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096 Trajectories of youth suicide rates in colorado over two decades (2001–2019)
  1. Erin Wright-Kelly1,2,3,
  2. Justin Vinneau Palarino3,4,
  3. Jani Little3,5,
  4. Ashley Brooks-Russell1,2
  1. 1Injury and Violence Prevention Center, University of Colorado Anschutz Medical Campus, Aurora, USA
  2. 2Department of Community and Behavioral Health, Colorado School of Public Health, Aurora, USA
  3. 3University of Colorado Population Center, Boulder, USA
  4. 4Department of Sociology, University of Colorado Boulder, Boulder, USA
  5. 5Rocky Mountain Research Data Center, University of Colorado Boulder, Boulder, USA


Statement of Purpose Youth suicide is a major cause of premature death in the US; it was the second leading cause of death for youth aged 10–24 in 2018. From 2007 to 2018, the rate of suicide increased nearly 60% for this age group. This study examined suicide rates at the county-level and how county context was related to these differences.

Methods/Approach We analyzed suicide deaths among individuals ages 10–24 in Colorado included in the National Vital Statistics Surveillance dataset from 2001 to 2019. We used group-based trajectory modeling to identify groups of counties with distinct temporal patterns of suicide rates among youth. We then assessed county-level contextual variables to understand how population and community changes can predict inclusion in these trajectory groups over time.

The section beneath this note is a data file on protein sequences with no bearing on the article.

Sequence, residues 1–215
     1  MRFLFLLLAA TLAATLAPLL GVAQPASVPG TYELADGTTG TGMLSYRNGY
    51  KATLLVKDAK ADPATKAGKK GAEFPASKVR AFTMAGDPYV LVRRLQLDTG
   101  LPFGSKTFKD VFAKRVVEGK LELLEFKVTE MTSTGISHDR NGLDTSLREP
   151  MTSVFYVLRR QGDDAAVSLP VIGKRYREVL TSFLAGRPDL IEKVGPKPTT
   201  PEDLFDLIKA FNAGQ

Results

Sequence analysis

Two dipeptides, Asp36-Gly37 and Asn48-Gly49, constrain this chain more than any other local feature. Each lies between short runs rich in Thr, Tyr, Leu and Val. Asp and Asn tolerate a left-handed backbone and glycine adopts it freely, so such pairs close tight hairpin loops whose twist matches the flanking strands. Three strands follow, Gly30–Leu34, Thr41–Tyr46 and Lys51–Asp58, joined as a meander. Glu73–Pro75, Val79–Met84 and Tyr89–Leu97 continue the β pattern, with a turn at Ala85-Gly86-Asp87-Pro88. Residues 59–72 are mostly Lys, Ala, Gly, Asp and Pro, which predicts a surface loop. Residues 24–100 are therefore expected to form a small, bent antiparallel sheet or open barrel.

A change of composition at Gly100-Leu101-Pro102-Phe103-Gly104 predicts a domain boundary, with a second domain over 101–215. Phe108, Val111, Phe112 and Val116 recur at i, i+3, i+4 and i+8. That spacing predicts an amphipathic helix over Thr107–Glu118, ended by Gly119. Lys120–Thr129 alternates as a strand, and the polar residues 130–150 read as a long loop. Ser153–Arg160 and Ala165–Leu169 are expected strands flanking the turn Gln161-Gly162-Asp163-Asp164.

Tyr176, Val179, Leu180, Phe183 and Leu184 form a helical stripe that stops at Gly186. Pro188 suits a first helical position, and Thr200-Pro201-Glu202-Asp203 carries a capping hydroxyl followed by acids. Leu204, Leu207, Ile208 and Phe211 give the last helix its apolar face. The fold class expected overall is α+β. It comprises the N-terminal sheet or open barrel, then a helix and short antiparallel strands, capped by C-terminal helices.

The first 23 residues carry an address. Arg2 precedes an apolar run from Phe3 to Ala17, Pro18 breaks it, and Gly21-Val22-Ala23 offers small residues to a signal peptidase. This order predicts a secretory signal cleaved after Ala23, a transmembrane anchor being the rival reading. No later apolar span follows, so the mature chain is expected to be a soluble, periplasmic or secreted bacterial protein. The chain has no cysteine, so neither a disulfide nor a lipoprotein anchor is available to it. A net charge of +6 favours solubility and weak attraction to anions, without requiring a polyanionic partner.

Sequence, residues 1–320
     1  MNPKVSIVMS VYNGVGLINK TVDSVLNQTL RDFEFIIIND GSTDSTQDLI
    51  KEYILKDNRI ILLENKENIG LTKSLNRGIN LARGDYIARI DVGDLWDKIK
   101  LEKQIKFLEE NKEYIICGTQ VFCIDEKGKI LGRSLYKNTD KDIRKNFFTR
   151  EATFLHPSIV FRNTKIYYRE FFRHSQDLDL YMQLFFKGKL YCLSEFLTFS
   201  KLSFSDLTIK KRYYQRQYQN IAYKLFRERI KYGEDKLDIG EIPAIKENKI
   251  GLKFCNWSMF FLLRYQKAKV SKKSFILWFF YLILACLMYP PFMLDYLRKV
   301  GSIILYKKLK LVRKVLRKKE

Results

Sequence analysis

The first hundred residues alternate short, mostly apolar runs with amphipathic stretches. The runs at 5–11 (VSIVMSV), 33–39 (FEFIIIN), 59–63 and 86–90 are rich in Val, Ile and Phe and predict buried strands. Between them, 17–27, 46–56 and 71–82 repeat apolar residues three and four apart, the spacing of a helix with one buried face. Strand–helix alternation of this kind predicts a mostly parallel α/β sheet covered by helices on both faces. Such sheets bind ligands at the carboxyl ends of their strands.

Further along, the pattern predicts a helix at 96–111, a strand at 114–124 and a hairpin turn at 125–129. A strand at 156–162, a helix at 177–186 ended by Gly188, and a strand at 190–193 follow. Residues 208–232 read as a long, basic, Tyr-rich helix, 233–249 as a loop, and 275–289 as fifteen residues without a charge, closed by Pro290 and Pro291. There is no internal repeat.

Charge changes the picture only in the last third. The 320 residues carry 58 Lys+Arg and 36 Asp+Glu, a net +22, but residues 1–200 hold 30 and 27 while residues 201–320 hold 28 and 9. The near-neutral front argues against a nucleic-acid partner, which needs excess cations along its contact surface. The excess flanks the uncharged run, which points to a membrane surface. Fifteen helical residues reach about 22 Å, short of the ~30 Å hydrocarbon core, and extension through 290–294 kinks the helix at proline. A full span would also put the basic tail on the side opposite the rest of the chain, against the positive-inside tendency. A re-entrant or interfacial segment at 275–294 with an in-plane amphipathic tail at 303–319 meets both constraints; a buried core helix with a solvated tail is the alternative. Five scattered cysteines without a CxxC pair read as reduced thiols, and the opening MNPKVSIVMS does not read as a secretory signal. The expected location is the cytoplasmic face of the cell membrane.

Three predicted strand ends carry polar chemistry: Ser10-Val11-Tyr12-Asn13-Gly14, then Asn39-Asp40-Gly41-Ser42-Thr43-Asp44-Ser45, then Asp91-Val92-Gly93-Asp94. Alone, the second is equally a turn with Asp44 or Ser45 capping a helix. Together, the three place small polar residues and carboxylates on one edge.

Results We found three distinct trajectory groups of youth suicide rates among Colorado counties. The first group included 33% of counties with low suicide rates slightly increasing over time. The second group (60%) included counties that had moderate suicide rates that steadily increased over time. The third group included 7% of counties that demonstrated accelerating increases of suicide rates among youth over time. While counties with accelerating rates showed similar growth in population over time as other counties, counties in this trajectory included higher proportions of American Indian residents (mean=7.1%) and families living in poverty (mean=11.1%).

Conclusion We identified three distinct trajectories of youth suicide rates in Colorado counties, with the smallest proportion in a concerning group with accelerating suicides over time. Population demographics and other measures of context are associated with the trajectory groups.

Significance Understanding trajectories of youth suicide rates over time and the environmental and social context in which these occur can lead to population health strategies focused on community-wide supports for youth at risk for suicide.

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